ICTs, distributed discourse and the territorialisation of labour: the case of Balkan trade unionism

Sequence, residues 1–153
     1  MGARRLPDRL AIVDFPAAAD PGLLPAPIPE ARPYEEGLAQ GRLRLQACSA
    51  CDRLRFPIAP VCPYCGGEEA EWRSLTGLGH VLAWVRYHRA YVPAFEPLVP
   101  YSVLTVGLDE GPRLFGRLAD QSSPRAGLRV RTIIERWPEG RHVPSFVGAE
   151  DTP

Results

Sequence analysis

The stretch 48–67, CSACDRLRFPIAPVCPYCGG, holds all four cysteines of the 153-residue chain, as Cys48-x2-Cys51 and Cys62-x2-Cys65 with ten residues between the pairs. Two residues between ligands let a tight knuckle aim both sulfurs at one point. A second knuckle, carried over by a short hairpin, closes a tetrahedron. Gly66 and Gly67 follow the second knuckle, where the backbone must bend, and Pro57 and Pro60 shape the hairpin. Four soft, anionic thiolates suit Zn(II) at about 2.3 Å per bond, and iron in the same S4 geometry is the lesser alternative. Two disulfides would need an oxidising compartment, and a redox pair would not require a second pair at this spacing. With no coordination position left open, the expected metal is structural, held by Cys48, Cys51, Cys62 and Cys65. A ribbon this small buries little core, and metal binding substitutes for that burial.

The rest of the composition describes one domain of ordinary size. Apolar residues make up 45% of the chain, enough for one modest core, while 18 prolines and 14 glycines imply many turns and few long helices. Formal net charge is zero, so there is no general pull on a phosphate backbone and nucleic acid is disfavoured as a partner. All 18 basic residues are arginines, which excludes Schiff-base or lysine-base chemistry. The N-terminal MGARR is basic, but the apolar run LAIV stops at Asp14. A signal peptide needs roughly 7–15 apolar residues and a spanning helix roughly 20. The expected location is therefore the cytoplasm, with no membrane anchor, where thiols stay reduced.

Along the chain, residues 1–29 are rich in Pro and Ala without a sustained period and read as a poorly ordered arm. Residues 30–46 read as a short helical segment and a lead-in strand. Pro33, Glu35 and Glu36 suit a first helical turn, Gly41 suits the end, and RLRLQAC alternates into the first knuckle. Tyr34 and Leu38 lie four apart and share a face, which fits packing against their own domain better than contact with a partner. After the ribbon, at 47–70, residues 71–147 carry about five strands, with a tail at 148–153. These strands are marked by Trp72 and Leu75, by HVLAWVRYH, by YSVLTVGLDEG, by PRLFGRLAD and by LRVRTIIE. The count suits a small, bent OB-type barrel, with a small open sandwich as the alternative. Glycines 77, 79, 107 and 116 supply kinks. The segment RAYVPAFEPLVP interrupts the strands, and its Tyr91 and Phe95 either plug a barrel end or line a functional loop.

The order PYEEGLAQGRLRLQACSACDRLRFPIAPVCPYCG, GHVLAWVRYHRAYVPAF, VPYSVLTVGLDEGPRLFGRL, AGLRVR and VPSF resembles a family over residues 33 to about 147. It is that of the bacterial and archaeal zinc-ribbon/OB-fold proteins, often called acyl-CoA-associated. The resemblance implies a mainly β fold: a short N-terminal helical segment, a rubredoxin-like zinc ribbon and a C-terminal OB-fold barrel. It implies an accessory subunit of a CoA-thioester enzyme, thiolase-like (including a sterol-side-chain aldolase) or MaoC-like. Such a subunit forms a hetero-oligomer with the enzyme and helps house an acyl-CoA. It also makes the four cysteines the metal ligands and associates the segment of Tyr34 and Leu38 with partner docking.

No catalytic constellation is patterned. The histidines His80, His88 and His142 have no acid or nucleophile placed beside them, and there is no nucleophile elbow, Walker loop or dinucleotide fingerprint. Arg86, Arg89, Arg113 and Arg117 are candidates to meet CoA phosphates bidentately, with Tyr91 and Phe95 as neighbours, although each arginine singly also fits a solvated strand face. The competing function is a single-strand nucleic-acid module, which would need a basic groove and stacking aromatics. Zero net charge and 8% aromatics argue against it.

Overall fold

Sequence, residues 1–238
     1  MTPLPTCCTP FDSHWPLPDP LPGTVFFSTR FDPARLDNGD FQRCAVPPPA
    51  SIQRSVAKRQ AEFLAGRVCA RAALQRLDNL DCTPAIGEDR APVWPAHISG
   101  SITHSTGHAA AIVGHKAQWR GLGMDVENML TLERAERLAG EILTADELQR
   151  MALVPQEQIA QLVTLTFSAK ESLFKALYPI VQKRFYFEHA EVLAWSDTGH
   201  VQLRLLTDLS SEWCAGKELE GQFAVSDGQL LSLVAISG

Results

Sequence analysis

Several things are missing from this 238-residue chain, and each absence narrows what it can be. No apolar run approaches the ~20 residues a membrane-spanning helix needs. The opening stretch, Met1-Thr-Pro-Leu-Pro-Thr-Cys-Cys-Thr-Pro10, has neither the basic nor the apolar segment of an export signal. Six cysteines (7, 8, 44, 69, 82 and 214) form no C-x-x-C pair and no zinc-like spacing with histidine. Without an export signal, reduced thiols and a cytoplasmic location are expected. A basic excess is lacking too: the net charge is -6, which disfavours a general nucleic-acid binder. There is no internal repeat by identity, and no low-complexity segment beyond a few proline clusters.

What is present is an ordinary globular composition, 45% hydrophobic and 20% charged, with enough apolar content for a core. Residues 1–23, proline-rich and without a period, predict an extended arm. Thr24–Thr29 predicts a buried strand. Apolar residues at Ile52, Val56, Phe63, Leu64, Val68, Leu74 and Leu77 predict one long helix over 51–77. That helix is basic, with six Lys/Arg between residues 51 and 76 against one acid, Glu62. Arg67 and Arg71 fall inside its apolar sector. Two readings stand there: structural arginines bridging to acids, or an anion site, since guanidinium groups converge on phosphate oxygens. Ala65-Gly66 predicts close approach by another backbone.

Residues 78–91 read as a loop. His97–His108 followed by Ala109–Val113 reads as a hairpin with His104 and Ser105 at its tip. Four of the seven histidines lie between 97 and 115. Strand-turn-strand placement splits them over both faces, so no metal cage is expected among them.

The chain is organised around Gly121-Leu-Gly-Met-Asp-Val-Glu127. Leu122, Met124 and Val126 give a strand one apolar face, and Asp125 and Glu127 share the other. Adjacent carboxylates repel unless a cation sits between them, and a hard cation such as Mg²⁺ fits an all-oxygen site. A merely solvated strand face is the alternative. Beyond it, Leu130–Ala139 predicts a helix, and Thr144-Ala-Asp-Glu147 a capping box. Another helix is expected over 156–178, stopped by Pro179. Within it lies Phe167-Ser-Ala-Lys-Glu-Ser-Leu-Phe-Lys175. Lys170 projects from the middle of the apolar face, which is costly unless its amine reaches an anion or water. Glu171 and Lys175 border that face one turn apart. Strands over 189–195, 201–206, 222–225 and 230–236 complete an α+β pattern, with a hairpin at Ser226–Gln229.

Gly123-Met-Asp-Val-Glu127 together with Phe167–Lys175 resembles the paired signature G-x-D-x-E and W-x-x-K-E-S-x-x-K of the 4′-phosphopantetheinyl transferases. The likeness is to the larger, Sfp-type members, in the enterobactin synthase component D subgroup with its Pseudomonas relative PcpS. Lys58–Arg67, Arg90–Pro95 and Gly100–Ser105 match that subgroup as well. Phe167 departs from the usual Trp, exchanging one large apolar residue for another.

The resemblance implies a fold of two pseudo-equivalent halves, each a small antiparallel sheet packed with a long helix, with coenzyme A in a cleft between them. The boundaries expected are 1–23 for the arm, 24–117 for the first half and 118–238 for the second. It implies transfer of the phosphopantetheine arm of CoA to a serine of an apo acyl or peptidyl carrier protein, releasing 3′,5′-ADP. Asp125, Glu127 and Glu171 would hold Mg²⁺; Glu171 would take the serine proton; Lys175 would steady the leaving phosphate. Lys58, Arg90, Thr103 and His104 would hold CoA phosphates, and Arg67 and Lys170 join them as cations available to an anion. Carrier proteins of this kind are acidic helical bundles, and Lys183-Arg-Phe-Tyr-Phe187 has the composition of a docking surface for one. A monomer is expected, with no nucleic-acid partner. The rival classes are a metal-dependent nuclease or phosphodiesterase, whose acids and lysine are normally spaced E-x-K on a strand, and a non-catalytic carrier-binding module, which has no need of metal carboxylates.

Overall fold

Purpose – This paper aims to examine the significance of information communication technology (ICT) for Balkan labour. Drawing on the heuristic of “distributed discourse”, this paper aims to explore virtual forms of communication and interaction. The paper aims to examine the privileged role of ICT in the: formation of autonomous trade union structures and channels of communication; evasion of the territorial structures of the nation-state and the construction of virtual communities of international labour solidarity; and authoritative transmission of models of industrial relations practice and of capitalist modernity in virtual space. Design/methodology/approach – The authors conducted in-depth interviews, followed up by further discussions, with officials and researchers from unions in the Balkan region. IR academics in Serbia and Montenegro were also consulted, as were union web sites and those of the Confederation of Independent Trade Unions of Serbia, Association of Free and Independent Trade Unions of Serbia. The purpose of the dialogue was to build an empirically grounded framework for understanding the limits and possibilities presented by the new distributed communications technologies of the internet for labour in the era of globalisation. This article provides qualitative data to allow reflection on the possibilities inherent in ICT for the reinvigoration of trade unionism and labour mobilisation in this era of rampant neoliberalism, particularly in the area of trade union democratisation and accountability. Findings – The article finds that key figures within the Balkan labour movement are conversant with the potential of ICTs. It is also apparent that the construction of cyber-unionism at the official level is subject to the authoritative force of neo-liberal imperial governance. However, this is a regime of policing that is indexed and auditable through the very distributed communication technologies which can affect forms of meta-governance beyond the control of institutions . Research limitations/implications – The findings, based on the interrogation of qualitative data are provisional hypotheses and an invitation to further research on the space-time dimensions of trade unionism in the age of globalisation. Practical implications – This paper highlights the situated character of ICT utilisation. While ICTs can be implicated in the reproduction of extant organisational forms and politics, this article provides the international labour movement with a viewpoint from which to build ICT strategies and appropriate organisational structures that recognise the limitations of centralised representation and control. Originality/value – This paper represents fresh and contemporary data on the use of the internet by Balkan labour. By interrogating the qualitative data an invitation to further research on the space-time dimensions of trade unionism in the age of globalisation is presented.